Which explains why Saturday’s event at Waimiha doubles also as the final round of the parallel-but-separate New Zealand GNCC Series.

“I was looking at what younger guys need for when they venture overseas and some of the events in New Zealand were not really preparing them for what they’ll face,” said Whibley, “Racing over farmland is not really the same thing as riders will hit when they get to America or Europe. Forestry courses more accurately reflect what they will strike,”

This Saturday’s sixth and final round of the 2018 edition of the Yamaha NZXC Series is scheduled for the Pureora Forest, near Waimiha and Benneydale, a venue that should test even the most skilled and resilient of riders. Yamaha ace Callan May leads the series after the five rounds thus far, the electrician from Titirangi in impressive form and a massive 36 points ahead of Whanganui’s Seth Reardon (Yamaha YZ250FX) at the top of the Yamaha NZXC standings. The 26-year-old May took his Yamaha YZ250FX to win the first two rounds of the series, but he was then forced to settle for runner-up finishes, both times behind friend and rival Sam Greenslade at the two rounds that followed, at Woodhill Forest and Matata, in September and October respectively.

May was again runner-up at round five in November, this time behind Helensville’s Tom Buxton, but even that second-place performance could be classed as remarkable, with May having to charge through the entire field after a poor start, the race set in a damp a treacherous Riverhead Forest, west of Auckland.

Is will be that same style of strength and tenacity that should enable May to clinch the series’ main trophy this Saturday afternoon. The venue for this weekend’s finale is 741 Ongarue Stream Rd, Waimiha, with the 90-minute combined junior and mini bike race set to blast off at 9.30am, followed by the two-hour senior race at 12 noon.

The junior and mini track is six kilometres long, while the seniors are expected to conquer a 20-kilometre track.

Taupo’s Wil Yeoman (Yamaha YZ125) leads the junior grade by 29 points over Tirau’s Alex Butler after five of six rounds and so he too is well on target to win the junior trophy outright.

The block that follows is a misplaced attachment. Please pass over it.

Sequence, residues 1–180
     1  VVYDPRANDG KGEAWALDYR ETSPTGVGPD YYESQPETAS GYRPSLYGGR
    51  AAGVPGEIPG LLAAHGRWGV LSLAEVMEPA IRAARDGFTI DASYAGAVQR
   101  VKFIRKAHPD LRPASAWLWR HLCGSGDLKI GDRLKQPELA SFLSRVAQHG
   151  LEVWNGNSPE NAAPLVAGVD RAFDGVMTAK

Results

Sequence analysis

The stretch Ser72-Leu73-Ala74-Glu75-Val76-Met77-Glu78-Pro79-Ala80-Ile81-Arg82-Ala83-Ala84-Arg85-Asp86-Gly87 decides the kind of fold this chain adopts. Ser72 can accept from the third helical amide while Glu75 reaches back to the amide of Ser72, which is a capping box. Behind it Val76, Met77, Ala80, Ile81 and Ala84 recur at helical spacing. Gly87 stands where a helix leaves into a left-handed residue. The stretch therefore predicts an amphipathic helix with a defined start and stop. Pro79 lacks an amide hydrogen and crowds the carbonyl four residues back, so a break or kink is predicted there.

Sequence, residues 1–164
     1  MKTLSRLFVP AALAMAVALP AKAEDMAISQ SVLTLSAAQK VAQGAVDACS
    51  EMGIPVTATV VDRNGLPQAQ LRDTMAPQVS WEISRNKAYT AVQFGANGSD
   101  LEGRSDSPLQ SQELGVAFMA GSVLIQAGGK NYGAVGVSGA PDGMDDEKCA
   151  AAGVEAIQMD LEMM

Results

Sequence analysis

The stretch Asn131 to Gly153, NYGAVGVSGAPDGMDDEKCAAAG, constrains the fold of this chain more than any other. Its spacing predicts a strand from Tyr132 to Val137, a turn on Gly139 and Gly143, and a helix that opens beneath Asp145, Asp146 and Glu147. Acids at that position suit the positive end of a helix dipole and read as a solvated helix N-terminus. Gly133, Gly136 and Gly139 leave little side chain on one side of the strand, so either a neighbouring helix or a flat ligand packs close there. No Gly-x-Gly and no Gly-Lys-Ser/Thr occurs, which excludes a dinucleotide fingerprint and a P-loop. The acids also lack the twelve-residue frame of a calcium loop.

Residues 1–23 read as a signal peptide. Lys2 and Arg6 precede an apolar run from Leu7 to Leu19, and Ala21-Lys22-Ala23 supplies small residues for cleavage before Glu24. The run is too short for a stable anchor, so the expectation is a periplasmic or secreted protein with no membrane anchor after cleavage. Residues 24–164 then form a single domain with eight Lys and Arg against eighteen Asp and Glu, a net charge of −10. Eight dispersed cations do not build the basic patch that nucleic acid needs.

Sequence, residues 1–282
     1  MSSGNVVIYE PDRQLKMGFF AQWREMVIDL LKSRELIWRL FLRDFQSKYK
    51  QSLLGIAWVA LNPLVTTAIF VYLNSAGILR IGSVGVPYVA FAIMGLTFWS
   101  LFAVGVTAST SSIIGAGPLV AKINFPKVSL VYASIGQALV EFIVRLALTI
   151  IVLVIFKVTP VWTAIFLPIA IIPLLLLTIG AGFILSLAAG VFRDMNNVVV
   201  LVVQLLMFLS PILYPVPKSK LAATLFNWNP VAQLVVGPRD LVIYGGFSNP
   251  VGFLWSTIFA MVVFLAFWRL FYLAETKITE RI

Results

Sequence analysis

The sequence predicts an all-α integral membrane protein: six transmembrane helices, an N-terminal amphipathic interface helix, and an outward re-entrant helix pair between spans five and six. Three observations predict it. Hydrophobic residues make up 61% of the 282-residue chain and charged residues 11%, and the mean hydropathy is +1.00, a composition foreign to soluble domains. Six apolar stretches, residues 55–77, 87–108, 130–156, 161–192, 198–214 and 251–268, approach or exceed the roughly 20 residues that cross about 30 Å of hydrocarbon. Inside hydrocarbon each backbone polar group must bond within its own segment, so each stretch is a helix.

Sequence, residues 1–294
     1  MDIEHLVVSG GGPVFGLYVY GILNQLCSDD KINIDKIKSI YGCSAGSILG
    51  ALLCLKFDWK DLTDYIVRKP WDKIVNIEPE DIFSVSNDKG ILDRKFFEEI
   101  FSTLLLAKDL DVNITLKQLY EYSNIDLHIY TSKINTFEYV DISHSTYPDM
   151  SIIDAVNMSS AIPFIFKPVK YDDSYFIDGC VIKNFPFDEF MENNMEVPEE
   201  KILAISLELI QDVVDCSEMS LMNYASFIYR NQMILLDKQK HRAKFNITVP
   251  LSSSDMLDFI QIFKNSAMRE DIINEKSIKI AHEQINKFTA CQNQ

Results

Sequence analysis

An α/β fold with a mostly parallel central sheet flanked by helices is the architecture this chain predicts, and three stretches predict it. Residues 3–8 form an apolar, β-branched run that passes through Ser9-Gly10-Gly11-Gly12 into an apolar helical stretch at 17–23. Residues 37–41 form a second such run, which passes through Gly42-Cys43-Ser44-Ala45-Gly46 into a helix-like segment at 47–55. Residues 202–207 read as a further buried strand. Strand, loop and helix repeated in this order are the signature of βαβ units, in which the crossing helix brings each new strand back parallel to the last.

Whibley and the Yamaha NZXC Series are supported by Yamaha Motor New Zealand, PWR Yamaha, Arai, TCX, Oakley, G2, Asterisk, MotoSR, Vortex Ignitions, EC3D, Bush Riders MCC, Rosscos Start Up Services, Dirt Guide, Tire Balls, Renthal, BikesportNZ.com, CarbSport, FMF, Michelin, Yamalube CV4 GYTR, IMS, ONeal, Rekluse, Workshop Graphics and Motomuck.

 

Words and photo by Andy McGechan

 

In the true style and philosophy of READY TO RACE, KTM have decided to give their customers the opportunity to score themselves a mean KTM 450 Rally Replica. Almost identical to those ridden at Dakar, these machines are a must have for the Extreme Off-Road enthusiast.

The 450cc SOHC fuel-injection engine now provides increased engine power, thanks to a newly designed cylinder head, extended durability and an improved transmission that are complemented by a new engine management system, which includes a newly developed throttle body.

A new air filter box offers more room for the electrics and battery whilst also enhancing the centralisation of masses – a key point in the development of this new machine. The 2019 KTM 450 RALLY REPLICA enjoys a brand-new chassis, tested and developed with factory riders for the perils and style of Dakar we have seen in recent years, as it combines improved agility with enhanced stability for braking, whilst retaining the incredible straight-line stability that the KTM rally machines are renowned for.

 

A new swingarm in conjunction with a reworked linkage and shock absorber, along with WP XACT PRO 48mm closed cartridge suspension with sophisticated Cone Valve technology, provides improved traction when accelerating, as well as increased bottoming reserves. New bodywork utilises sophisticated aerodynamics to increase rider comfort while improving the visibility past the innovative carbon tower, which houses the navigational elements of the bike, to the front wheel.

A new, softer seat, revised fuel tanks, and new Akrapovič exhaust, which also contribute to mass centralisation and improved weight distribution, reiterate the design goal of a lightweight, agile, comfortable and stable bike.

Stefan Huber (KTM Factory Rally Team Leader): “The all-new KTM 450 RALLY REPLICA is based on our already-successful new factory machine that we began racing at the end of last year, which was specifically developed to win the Dakar. With the latest generation, our goal and focus was to develop a bike around the style of our current factory riders, who required something with more comfort, more agility and improved stability. We looked for an improvement in handling, a lower weight, as well as a bike that also meets the demands of the conditions and intensity that we now find at Dakar. The KTM 450 RALLY REPLICA machine is almost identical to those raced by our athletes, and is available for customers to get the opportunity to own and ride a really premium, purpose-developed rally machine with high-quality components and maximum innovation. It’s been truly revised from the ground up, and we are looking forward to seeing these bikes being raced by our customers.”

 

Selling at an impressive price of EUR 26,000 (NZ$45,800) these bikes may be for those with deep pockets and lots of time to spare!